I’m a hard core beer swilling connoisseur, but beer drinking for me is often about ‘setting’: so a four pack of Mcewans Export certainly has its place, usually camping, often bought from a local Spar. And I’ve really enjoyed a can of Guinness more times than I can remember.
Oh, and there’s the draft beers I’ve drank in California, including some dark stouty thing that was top notch.
And a trapest type thing in a bar in La Grave which made my legs wobble (found out later it was 7.5%).
In no particular order:
Black Isle Yellowhammer IPA
Black Isle Blonde
Brewdog Elvis Juice
Gambrinus (from Czech Republic)
Keo (from Cyprus)
Delerium Tremens (Belgian, amazingly 11% alcohol but absolute nectar!)
Have you ever been to Cologne and had Kolsch? Spent a full afternoon supping this in ? 1/3 litre glasses and having my beer mat ticked.
Nope, but I now want to go.
I’ve been around the world drinking beer for 30 years. I’m half way through the 1995 GBG; I’ve completed 300 Beers and 1000 beers. I’ve been brewing for 20 years.
None of this gives me any authority because beer is such a personal thing. There’s not many beers I don’t like but I do have an aversion to overly sweet beers, grapefruit, ginger and aniseed in my beer. I like malty flavour and the earthiness of UK hops. This leads me to the simplicity of Black Sheep Best as my desert island pint. But seriously there are a hundred beers in joint second. Craft beers are in the ‘interesting’ category: worth tasting but rarely worth a repeat visit.
Scotland- Houston Peters Well
Cumbria- Tirril 1823 and Dent Bitter
NE- Mordue Workie Ticket
Yorkshire- BsB of course
Midlands- Holdens Black Country Bitter
SW- Penryn Bal Maiden (or Betty Stoggs if I’m thirsty)
SE- Fullers Bengal lancer
East Anglia- Adnams Broadside
Germany- Schneider Aventinus
Belgium- Rodenbach Grand Cru
It’s good stuff as I remember. I sat by a kiosk bar near the Dom( a cathedral) and watched the world go by. Lagery beer stuff. Very nice. I met these two Germans somewhere who took me to this place where they bring drink to your table with a small cask on their shoulder. It was good stuff as I vaguely remember.
> Forgot about Cockerhoop. It's a fine beer.
Yes. It’s my February Keswick drink but I think the Dog and Gun don’t sell it anymore.
When I had a pint of Cockerhoop at Strines early this year, the barman said it was the last barrel of it they had as Jennings had stopped making it?
Best pint I've ever had was Old Peculiar at 'the most haunted pub in York'
Two favourites which are quite well spaced out...
Jail Ale by Dartmoor Brewery Princetown. Nectar.
Any of the Islay Ales, wonderful but not that available in Devon!
> Have you ever been to Cologne and had Kolsch? Spent a full afternoon supping this in ? 1/3 litre glasses and having my beer mat ticked.
Yes, had a very messy evening there going round various places. Good stuff.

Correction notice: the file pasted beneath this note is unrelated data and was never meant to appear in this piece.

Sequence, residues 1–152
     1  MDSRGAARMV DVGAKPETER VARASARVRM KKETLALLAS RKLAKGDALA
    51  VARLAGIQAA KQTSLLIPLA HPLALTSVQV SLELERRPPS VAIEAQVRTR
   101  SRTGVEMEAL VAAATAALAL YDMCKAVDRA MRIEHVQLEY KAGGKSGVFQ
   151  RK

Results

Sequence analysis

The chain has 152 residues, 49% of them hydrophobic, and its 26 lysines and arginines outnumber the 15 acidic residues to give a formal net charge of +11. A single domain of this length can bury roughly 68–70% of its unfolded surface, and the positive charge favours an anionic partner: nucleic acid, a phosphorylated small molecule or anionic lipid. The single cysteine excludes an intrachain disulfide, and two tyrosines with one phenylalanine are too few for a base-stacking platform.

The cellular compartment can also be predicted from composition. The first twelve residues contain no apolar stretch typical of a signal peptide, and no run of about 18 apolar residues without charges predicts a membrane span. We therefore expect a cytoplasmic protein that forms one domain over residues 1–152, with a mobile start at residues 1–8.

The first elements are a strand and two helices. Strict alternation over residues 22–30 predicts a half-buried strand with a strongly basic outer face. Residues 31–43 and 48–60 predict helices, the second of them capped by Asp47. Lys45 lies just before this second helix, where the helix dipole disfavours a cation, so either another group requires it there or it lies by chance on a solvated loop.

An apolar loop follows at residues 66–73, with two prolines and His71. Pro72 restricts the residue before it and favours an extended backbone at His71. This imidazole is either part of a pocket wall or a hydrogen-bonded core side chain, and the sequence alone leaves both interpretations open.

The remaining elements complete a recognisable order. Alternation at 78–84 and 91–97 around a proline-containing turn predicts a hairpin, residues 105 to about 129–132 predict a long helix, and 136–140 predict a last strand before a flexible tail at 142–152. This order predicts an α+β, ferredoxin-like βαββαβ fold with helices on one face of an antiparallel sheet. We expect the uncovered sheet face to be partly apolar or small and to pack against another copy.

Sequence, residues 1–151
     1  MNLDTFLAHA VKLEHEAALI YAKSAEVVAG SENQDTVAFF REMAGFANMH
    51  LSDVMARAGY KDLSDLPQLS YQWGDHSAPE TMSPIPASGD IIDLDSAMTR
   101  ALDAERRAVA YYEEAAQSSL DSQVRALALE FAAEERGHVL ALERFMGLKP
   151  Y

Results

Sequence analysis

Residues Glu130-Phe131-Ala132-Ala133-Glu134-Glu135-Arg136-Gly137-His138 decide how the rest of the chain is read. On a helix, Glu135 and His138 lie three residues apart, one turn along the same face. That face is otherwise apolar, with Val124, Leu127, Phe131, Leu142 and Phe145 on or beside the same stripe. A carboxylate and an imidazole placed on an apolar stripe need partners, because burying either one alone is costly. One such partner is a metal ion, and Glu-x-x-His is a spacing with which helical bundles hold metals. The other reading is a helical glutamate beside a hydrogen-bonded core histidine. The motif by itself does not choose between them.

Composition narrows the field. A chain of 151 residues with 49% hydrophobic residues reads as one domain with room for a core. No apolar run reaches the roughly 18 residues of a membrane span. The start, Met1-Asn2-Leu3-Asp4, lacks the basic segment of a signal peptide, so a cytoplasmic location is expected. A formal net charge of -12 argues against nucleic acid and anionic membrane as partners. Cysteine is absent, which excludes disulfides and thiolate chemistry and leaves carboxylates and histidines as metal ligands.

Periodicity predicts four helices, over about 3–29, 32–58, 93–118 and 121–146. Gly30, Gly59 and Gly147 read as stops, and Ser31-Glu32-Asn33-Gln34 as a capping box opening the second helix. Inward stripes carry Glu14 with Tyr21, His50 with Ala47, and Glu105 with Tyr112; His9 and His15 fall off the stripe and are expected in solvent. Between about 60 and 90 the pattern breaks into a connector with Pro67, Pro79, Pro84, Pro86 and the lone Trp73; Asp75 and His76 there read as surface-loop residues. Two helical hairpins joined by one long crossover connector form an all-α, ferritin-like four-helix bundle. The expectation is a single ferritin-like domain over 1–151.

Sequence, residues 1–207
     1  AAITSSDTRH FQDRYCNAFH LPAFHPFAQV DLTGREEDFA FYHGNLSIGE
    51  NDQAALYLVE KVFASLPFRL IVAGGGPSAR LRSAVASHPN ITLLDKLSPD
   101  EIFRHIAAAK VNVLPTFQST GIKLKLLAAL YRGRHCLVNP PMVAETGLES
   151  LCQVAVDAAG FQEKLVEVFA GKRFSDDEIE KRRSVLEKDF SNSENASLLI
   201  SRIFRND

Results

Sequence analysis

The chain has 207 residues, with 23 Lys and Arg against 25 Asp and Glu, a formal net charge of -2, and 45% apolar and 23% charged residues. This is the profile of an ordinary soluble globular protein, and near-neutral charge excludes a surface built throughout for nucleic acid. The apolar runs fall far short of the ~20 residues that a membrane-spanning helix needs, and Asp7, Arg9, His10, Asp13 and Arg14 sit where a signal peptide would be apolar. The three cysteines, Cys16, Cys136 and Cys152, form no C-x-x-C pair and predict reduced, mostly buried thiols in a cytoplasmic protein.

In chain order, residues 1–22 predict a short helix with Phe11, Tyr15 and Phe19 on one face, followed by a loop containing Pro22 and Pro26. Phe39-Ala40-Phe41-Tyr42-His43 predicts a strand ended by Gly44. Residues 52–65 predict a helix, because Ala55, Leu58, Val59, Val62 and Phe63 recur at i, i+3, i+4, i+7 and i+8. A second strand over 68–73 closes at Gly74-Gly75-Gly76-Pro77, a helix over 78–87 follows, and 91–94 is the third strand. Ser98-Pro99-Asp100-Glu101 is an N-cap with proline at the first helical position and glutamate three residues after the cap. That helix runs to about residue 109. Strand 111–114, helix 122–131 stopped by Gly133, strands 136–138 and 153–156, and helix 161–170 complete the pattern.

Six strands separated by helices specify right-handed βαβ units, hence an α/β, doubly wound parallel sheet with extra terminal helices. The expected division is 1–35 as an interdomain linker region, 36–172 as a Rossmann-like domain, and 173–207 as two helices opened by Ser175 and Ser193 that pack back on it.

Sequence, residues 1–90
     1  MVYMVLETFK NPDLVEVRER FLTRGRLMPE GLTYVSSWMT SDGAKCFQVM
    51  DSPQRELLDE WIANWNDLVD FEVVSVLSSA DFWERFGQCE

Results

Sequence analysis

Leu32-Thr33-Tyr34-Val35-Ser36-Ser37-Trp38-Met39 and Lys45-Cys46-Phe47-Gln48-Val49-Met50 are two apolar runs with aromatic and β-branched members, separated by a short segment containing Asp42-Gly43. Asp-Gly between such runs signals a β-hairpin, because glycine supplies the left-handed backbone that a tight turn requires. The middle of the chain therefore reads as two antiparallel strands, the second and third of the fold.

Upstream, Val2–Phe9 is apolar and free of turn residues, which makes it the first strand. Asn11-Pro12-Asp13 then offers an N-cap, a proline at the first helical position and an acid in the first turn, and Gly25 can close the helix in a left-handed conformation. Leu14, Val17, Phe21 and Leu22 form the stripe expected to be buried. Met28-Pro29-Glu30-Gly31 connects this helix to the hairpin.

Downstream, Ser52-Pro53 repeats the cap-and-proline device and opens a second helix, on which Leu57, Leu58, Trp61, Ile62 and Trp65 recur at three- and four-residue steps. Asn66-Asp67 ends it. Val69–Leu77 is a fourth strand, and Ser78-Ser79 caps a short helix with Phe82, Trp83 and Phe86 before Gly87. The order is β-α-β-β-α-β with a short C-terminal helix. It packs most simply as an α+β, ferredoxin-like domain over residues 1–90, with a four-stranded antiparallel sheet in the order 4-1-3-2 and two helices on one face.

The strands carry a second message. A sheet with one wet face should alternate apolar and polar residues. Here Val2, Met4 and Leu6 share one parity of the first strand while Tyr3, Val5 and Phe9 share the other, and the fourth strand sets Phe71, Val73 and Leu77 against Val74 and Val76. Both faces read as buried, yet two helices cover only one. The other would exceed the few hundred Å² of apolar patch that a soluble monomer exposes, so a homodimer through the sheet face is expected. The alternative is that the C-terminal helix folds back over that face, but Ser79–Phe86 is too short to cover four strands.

> When I had a pint of Cockerhoop at Strines early this year, the barman said it was the last barrel of it they had as Jennings had stopped making it?
Quite possibly so. The barman in the dog and gun this February said they had discontinued some lines to appeal to the younger market! WTF!
> Best pint I've ever had was Old Peculiar at 'the most haunted pub in York'
Where, and haunted by whom ?
Edit: Bank Tavern not dog and gun
> Yes. It’s my February Keswick drink but I think the Dog and Gun don’t sell it anymore.
I hate to break it to you Dave, but nowhere sells it (or Snecklifter) anymore!
Both discontinued in 2019 and replaced with something average with a snazzy label.
I bloody loved Cockerhoop (and Snecklifter).
> I hate to break it to you Dave, but nowhere sells it (or Snecklifter) anymore!
> Both discontinued in 2019 and replaced with something average with a snazzy label.
> I bloody loved Cockerhoop.
Gutted. Loved a Snecklifter too
>I've been very impressed with Worthington White Shield - only thing is, it seems nothing like the original Worthington White Shield
Blimey, how old are you? ;-)
I’ve not been to Cologne, but a mate brewed an excellent Kolsch for me one new year.
Thornbridge Jaipur IPA sounds interesting, will look out for that, I do like an IPA.
I like a good balanced beer diet so put my 'pub budget' towards a Beer52 subscription during lockdown, it isn't the same but I get a little selection of beers through once a month.
> Quite possibly so. The barman in the dog and gun this February said they had discontinued some lines to appeal to the younger market! WTF!
> Where, and haunted by whom ?
The Golden Fleece. I can't remember the story but I didn't see anything!
Very true. I enjoyed a whole load of little French stubbies in the sun in my back garden this summer. I mean technically that beer is utter piss, but for the time and place it was just right.
My favourite draught ales are:
1. Butty Bach - Wye Valley brewery
2. Tribute - St Austell brewery
3. Reverend James - Brains brewery
The first two are also good out of the bottle. Never had bottled Rev James so can’t comment.